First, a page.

So I asked this rabbi what kind of a rabbi he is, and he said: Unorthodox. Unorthodox! Yes! The most descriptive term I have heard for real Judaism! The belief that nothing is the way it is supposed to be, that everything in the world has to change, that we have to be different from everybody else. This is what Jews are all about-the recalcitrant, insurgent, revolutionary kvetchers of history-and what could be more unorthodox than that?

Didn’t Judaism begin with the paradigm of all iconoclasts? Imagine Abraham smashing the idols in his father’s house, defying King Nimrod and all the social norms of his day. Imagine Moses defying Pharaoh, or Rabbi Akiva and the sages defying the massive Roman Empire. Is this something you would describe as “orthodox” behavior?

To be Jewish is to rebel. Refusing to answer the phone on Shabbat is a rebellion against technocracy. Keeping kosher is a rebellion against consumerism. Getting up early in the morning to wrap oneself in a large, white woolen sheet, twist leather straps and boxes upon one’s arm and head, join others in mystical incantations and read from an ancient scroll, is an outright rebellion against anything considered normal in modern life.

Do you know the story of the rabbi standing out on the street looking for a tenth for his minyan? Finally, he finds a Jew. But the Jew says, “Sorry, I’m not into organized religion.”

“If this is organized religion,” the rabbi exclaims, “what on earth am I doing out on the street harassing pedestrians?”

Have Jews ever been orthodox? Has there ever been a time when their views and behavior were considered normal? Pharaoh thought they were crazy because they demanded workers’ rights. The Romans thought they were nuts because they would not dispose of unhealthy infants. The Church thought they were perverse because they wouldn’t surrender to the faith of the majority. The rationalists thought they were off-the-wall because of their mysticism, and the romantics considered them obtuse for their rationalism. The United Nations resolved that Jews are weird just because they insist on existing. In the meantime, everybody ended up adopting our mindset, yet we still remain an anomaly among peoples. There’s just too much catching up for everybody else to do.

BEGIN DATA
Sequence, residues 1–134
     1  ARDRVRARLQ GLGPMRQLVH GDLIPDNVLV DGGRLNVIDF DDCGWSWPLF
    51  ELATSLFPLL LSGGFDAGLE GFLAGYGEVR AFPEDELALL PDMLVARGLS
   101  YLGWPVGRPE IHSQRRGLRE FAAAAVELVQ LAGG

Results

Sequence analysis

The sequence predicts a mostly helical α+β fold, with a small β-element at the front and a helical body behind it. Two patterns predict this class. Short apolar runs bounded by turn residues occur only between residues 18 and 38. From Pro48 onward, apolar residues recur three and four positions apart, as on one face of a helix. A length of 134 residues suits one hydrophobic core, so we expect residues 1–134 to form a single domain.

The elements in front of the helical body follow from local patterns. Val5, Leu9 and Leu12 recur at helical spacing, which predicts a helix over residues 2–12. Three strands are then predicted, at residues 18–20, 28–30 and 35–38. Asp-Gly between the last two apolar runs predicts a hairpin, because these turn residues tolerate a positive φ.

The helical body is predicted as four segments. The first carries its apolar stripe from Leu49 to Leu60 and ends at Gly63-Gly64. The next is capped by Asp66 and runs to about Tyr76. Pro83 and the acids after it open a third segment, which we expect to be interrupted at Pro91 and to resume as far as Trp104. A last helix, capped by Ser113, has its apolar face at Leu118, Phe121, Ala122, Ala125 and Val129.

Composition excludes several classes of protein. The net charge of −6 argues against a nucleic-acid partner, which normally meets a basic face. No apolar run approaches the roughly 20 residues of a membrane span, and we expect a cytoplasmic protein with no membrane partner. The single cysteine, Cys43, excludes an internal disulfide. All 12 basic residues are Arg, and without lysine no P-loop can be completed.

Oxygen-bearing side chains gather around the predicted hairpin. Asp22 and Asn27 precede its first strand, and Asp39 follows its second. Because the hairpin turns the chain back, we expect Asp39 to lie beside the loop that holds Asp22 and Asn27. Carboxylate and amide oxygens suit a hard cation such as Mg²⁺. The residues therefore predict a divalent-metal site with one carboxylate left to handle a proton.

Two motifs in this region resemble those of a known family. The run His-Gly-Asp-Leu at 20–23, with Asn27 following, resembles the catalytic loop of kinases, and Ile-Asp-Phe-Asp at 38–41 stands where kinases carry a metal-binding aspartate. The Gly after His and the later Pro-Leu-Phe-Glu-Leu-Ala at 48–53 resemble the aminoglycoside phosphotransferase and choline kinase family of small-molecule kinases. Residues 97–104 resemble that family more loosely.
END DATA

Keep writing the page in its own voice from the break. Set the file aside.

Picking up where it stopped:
Judaism can never be called old-fashioned, because it was never in fashion to begin with.

So, who came up with this oxymoron, “Orthodox Judaism?”

I’ll tell you: Two hundred years ago, when Emperor Napoleon Bonaparte decided that he was the Messiah and the Jews were to be liberated, he appointed several leaders of the Jewish community to form a Sanhedrin, a high court of rabbis and scholars, such as had existed in ancient times. So honored, they went about convincing their buddies to join. After all, Napoleon was the wave of the future. This was progress.

But some rabbis didn’t think it was such progress. Napoleon, a Messiah? And Paris is Jerusalem, right? So they declined. And for this stubborn refusal to understand just how backward and narrow-minded they were, they were labeled, “you…you…you ORTHODOX RABBIS!”

“Orthodox, schmorthodox,” they replied, “but the little guy with his hand stuck in his shirt is not the Messiah!”

It’s something like the way hippies started calling themselves “freaks.” Some homesteader at Woodstock looked upon these fine, American youth and spat out this epithet in front of the cameras. So they said, why fight it? And they called themselves freaks.

My Rabbi once said: “Labels are for shirts.” Okay, there are other things that can take labels. Like Reform temples, Conservative synagogues, Reconstructionist pine groves. But the Jews that you’ll find in these places have all just one label: Jews. Because “Jew” is not a behavioral term. It’s an essential state of being. It’s not where you’re at, it’s where you belong.

So if anyone should ask you to describe the three kinds of Jews today, answer as follows:

There are three types of Jews:
1. Jews who do mitzvahs.
2. Jews who do more mitzvahs.
3. Jews who do even more mitzvahs.

And that’s about it, because a Jew can hardly breathe without doing a mitzvah. They’re just too unorthodox.